If you’re coming on your own, the rally will be in the south end of the Square.

Neighborhood crime rate stays low in 2016

Mayor De Blasio is promoting 2016 statistics showing New York City crime rates at an all-time low. Meanwhile, the Lo-Down this week covered crime on the lower east side — rape and robbery are up in the 7th precinct, covering the East River to Essex and up to Houston.

But NYPD statistics still paint the 7th precinct as one of the safest in NYC:

Precinct-by-precinct crime rates. (Lighter color is lower.)

And, looking closer, most of those crimes happen along high-traffic areas around Essex and Delancey. Our end of Grand Street is relatively free of crime:

Reported crime locations in 2016.

Annual report shows $3 million swing from surplus to deficit

A partial, unaudited financial report has been distributed to apartment doors this evening revealing a $3 million swing from last year’s $1.7 million surplus to a $1.4 million deficit this year. An additional $700,000 expense was amortized — ten times more than usual — presumably for last year’s costly laundry room repairs.

This represents the worst financial report for the coop in at least a dozen years.

2016-deficit

No balance sheet was included in the report, nor was cash flow statement included, as is normally the case. And the numbers were presented unaudited, more than five months after the close of our fiscal year.

I spoke with board member Lee Berman, who confirmed that he and other board members had not been able to review even these unaudited financial reports before they were distributed this evening. He wrote me, “The board does not always receive financials at its monthly meetings, and if the board is lucky enough to receive financials some random month, they are never provided in advance. Board members simply cannot exercise their proper fiduciary responsibilities to the corporation and to you the shareholders without this financial information, along with detailed analysis. It is inexplicable why the majority of board members do not find it troublesome that critically important timely detailed financial information is withheld from them, or from you.”

Berman also said that receiving these numbers less than 24 hours before our annual meeting makes it “impossible for [shareholders] to fully review and digest the material, or even afford them the opportunity to discuss it with their financial advisers so they could ask intelligent and informed questions regarding the finances at the meeting.”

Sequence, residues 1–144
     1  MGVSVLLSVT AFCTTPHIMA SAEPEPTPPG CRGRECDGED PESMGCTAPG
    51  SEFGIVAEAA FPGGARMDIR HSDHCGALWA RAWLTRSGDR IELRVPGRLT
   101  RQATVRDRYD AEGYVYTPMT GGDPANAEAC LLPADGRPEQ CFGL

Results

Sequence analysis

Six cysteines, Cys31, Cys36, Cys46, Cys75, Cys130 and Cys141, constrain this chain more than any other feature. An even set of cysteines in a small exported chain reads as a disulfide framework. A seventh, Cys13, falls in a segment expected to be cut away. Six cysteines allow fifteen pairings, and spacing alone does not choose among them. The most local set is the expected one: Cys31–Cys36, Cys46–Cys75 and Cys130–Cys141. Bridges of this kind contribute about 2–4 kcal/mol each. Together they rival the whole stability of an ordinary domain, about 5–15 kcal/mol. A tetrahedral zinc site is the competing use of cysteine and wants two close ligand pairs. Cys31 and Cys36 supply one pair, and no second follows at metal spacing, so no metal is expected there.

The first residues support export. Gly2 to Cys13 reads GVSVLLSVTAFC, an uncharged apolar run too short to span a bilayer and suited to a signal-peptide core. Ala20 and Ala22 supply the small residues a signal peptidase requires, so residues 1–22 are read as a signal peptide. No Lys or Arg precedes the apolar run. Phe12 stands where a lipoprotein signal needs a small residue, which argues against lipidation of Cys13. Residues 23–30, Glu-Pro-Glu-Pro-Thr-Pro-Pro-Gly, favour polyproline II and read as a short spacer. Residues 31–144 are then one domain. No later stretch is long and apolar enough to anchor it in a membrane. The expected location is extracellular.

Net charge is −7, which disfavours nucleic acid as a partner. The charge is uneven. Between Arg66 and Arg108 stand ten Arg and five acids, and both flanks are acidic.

Can we please have a civil board election this year?

A neighbor sent me an article last Wednesday about the election. No, not that election, this one — our upcoming coop election. This article quotes realtors and management professionals and even an attorney from East River’s own counsel about how coop board elections in NYC can get so dirty that what just passed for a presidential campaign would seem tame in comparison.

In one story, the managing agent ran off with the ballots to protect the incumbents. In another, two board members carried a playground grudge for decades. In another, a smear campaign against the board president led to accusations of Nazism and a defamation suit.

Sound familiar?

Since 2014, when our members urged us to run candidates to challenge the board incumbents, Cooperatively Yours has been a lightening rod. We’ve asked pointed questions, challenged coop orthodoxy, and exposed the thin skin of incumbents. We’ve also made neighbors feel harassed by flyers, turned peaceful gatherings into political rallies, and antagonized the status quo.

In return, the status quo has not sat still. They’ve smeared our candidates with anonymous flyers, belittled our efforts at dialogue, and mocked our defeat. In the end, many more shareholders are now participating in our annual election — a 40% increase in the past three years — but the whole thing feels dispiriting and ugly.

Will this year be any different? We hope so. We live here, just as you do, and we don’t want our elevators and lobbies and playgrounds to be places of malice and distrust. We will continue to ask questions, but we’ll try to lower the volume, and focus on the positive. We hope the other side sings a new tune too, and finds a more gracious way to win votes.

With that settled, I’m pleased to introduce you to our endorsed candidates for the board this year, Mary Jo Burke and Julian Swearengin. Mary Jo is an architect and a graduate of Columbia University’s Sustainability Management program. She served on the house committee and helped to establish the community garden behind building 1. Julian is an attorney and MBA with extensive experience serving on and advising corporate and non-profit boards. He also served a stint on the house committee here, helping to write the house committee newsletter and cooperator’s guide for new owners. They will both be keen advocates for transparency from the board and for greater opportunity for input from shareholders. Please give them your strong consideration.

If you’d like to support them, and Cooperatively Yours, you can do one thing right away: add your name to their campaign.